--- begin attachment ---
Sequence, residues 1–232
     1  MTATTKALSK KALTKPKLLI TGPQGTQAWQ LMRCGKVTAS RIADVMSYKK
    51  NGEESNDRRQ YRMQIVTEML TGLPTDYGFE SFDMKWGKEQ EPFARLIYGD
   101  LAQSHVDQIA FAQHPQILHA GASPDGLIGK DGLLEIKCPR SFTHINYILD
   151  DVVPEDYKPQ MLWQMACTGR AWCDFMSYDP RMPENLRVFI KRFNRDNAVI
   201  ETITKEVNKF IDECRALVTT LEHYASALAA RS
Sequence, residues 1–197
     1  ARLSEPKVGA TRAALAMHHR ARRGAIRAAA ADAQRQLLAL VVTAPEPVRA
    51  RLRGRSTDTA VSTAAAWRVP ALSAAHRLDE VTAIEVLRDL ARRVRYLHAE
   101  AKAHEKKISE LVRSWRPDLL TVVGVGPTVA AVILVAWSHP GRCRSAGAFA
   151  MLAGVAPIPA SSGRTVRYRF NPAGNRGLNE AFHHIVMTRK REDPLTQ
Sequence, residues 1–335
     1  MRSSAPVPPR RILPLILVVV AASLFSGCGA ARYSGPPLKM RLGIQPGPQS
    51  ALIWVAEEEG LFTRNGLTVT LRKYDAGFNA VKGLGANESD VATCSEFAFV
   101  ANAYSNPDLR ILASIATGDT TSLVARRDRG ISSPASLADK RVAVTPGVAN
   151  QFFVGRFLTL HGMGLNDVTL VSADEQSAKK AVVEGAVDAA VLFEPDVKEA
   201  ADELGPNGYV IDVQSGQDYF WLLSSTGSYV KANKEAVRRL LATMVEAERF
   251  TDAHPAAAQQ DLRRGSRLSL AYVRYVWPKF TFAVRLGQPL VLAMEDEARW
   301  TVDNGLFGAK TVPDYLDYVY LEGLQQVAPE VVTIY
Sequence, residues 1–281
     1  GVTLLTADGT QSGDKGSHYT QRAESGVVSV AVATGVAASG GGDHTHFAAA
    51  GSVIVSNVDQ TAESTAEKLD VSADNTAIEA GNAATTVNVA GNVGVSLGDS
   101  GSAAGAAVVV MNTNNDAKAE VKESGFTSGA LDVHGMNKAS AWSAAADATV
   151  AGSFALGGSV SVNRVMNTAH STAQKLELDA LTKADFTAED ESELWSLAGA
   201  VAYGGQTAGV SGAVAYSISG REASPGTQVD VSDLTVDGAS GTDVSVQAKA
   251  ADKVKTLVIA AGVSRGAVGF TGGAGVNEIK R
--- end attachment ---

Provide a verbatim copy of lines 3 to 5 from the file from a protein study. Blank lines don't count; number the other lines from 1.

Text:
    51  NGEESNDRRQ YRMQIVTEML TGLPTDYGFE SFDMKWGKEQ EPFARLIYGD
   101  LAQSHVDQIA FAQHPQILHA GASPDGLIGK DGLLEIKCPR SFTHINYILD
   151  DVVPEDYKPQ MLWQMACTGR AWCDFMSYDP RMPENLRVFI KRFNRDNAVI